Monday, April 03, 2006

HM, The Queen And My Sex Abuse Shame

I was intrigued to read in The Guardian that the London Evening Standard recently attempted to lure readers with a bill which read; "Queen takes cab to the theatre". It is, I confess, an intriguing image, though I was left wondering how Her Majesty managed to manoeuvre the cab into the Royal Box. Perhaps it was able to ascend the stairway by means of a wheelchair ramp.
The Guardian's Mr Kim Fletcher concludes his piece by saying that the art of the billboard is contained in the phrase: "they lure you in and they let you down" - a maxim which has endless applications in modern life.
Thus, when I saw the attached billboard, I was curious, though not curious enough to purchase the Edinburgh Evening News. The dimensions of my various shames are too great to be addressed in a tabloid newspaper, but none of them, as far as I am aware, falls into the suggested category. Unless you count PE lessons in my pants. And the business with the history teacher during that summer of swimming lessons after which I received a certificate saying I had successfully swum for a total of four strokes (this being the maximum number of doggy paddles which an underweight boy can achieve before sinking).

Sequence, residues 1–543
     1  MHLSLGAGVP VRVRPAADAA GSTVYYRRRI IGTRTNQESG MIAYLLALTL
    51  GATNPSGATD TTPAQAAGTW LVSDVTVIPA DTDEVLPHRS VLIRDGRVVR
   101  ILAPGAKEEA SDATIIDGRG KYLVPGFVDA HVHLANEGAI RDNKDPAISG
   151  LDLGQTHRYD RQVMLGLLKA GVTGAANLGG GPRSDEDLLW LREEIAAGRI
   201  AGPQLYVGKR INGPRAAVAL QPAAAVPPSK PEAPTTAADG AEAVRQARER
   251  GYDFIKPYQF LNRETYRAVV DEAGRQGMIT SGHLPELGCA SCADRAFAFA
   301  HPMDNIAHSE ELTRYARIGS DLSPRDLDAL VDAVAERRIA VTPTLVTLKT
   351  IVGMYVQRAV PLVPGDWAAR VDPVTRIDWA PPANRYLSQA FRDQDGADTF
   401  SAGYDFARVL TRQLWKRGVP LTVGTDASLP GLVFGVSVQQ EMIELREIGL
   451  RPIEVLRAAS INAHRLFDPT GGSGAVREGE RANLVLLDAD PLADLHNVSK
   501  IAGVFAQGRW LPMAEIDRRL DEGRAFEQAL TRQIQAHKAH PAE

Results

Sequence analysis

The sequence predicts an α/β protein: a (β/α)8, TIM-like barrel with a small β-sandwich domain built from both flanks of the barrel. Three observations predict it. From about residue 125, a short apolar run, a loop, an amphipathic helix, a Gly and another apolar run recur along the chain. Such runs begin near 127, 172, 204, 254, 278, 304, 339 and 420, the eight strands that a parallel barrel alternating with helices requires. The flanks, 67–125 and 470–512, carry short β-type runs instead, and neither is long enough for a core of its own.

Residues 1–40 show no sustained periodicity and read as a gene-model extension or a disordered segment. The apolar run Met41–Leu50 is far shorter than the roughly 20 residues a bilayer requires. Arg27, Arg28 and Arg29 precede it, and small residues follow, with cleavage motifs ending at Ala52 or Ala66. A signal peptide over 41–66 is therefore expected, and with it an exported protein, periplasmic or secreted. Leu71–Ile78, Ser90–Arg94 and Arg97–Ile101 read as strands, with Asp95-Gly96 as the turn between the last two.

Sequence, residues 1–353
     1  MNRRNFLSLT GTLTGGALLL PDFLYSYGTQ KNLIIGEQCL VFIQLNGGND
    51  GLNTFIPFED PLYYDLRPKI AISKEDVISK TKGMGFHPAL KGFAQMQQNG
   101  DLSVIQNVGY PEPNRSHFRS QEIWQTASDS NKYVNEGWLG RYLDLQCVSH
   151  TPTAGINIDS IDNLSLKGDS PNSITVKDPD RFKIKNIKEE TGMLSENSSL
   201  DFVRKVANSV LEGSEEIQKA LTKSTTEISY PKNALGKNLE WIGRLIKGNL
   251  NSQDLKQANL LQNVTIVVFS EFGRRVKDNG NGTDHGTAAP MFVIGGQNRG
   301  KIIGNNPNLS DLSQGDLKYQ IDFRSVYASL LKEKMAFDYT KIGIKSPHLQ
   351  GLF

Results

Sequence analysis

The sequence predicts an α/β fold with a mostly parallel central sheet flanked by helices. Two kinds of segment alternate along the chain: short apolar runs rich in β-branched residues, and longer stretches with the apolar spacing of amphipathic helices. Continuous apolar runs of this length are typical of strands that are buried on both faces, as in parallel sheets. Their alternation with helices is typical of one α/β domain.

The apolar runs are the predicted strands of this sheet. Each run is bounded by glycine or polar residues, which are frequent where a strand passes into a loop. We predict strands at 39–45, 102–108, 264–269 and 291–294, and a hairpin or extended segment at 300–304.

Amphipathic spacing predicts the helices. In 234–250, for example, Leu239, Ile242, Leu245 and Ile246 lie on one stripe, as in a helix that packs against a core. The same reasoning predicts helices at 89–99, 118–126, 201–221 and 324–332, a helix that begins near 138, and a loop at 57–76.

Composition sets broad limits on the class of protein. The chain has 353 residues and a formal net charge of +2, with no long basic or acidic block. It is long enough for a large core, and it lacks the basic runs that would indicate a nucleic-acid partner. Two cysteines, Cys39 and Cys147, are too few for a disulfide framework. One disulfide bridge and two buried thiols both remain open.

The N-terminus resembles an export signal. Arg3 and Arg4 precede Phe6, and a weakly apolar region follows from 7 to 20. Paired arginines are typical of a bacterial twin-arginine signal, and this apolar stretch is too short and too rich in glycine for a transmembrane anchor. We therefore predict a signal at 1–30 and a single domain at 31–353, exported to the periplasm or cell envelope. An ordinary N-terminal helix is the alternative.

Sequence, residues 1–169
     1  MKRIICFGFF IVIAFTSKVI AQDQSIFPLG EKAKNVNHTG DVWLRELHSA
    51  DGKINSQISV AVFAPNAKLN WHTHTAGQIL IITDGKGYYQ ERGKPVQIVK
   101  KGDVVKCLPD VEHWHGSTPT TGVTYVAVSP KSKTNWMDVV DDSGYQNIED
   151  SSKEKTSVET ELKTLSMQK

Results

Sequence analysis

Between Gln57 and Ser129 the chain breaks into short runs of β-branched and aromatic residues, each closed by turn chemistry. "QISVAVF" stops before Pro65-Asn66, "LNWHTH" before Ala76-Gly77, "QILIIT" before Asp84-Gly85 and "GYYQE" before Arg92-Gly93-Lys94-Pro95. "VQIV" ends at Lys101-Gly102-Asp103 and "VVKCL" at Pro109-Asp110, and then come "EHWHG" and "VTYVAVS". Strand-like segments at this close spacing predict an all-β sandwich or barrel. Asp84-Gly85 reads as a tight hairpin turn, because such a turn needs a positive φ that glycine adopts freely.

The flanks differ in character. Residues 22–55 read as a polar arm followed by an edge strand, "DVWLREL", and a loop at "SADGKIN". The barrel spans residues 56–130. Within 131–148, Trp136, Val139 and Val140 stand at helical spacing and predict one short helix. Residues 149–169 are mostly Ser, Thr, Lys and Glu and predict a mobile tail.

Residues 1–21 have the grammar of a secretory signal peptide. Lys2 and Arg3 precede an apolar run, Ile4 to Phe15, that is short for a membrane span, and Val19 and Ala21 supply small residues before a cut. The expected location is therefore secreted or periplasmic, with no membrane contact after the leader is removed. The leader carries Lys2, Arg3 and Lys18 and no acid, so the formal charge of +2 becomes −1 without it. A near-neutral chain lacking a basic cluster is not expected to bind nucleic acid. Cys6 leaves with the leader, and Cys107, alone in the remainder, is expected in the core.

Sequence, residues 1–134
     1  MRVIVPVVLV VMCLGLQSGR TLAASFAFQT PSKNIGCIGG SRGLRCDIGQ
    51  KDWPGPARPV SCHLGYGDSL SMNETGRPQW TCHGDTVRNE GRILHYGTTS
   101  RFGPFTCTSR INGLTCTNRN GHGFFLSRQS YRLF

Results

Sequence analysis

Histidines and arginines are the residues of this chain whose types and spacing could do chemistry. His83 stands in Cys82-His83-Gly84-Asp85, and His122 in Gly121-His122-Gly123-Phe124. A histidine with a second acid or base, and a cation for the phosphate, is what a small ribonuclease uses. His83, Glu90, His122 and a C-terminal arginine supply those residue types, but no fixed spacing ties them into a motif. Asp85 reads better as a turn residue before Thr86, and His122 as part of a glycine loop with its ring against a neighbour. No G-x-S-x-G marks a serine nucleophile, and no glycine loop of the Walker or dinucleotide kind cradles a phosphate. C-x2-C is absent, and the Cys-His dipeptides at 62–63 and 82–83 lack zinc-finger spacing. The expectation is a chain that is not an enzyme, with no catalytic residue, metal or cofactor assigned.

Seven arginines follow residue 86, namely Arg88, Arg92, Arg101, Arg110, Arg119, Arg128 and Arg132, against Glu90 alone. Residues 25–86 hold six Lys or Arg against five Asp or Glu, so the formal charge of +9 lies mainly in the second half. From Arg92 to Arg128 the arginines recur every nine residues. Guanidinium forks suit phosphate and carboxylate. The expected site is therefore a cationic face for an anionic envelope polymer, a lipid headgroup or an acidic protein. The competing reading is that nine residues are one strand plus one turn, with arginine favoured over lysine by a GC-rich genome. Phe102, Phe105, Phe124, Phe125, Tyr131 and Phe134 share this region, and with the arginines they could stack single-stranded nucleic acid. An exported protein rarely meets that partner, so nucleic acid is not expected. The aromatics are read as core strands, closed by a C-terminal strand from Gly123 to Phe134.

3 comments:

mr K fae Morningside said...

They aren't what they used to be though. I remember the days when they were hand scrawled. Some poor lad living deep in the Scotsman offices spending all day writing the same phrase over and over. Perhaps a good profession for the grafitti arists from a pervious post of yours?

A favourite of mine, in directness rather than sentiment, was the Sun's(?) 'Gotcha' during the Falklands bash. Later adopted by Noel 'housewife's choice' Edmonds.

Jackson said...

I was always tickled by the "massive jobs blow" one. Perhaps more than was justifiable, in fairness.

survivor said...

I find it hard to swallow that Mr Kirk Elder would ever have perfomed vigorous excercise within the confines of his underwear (or without for that matter) regardless of how many strokes he may or may not have taken in a public swimming pool.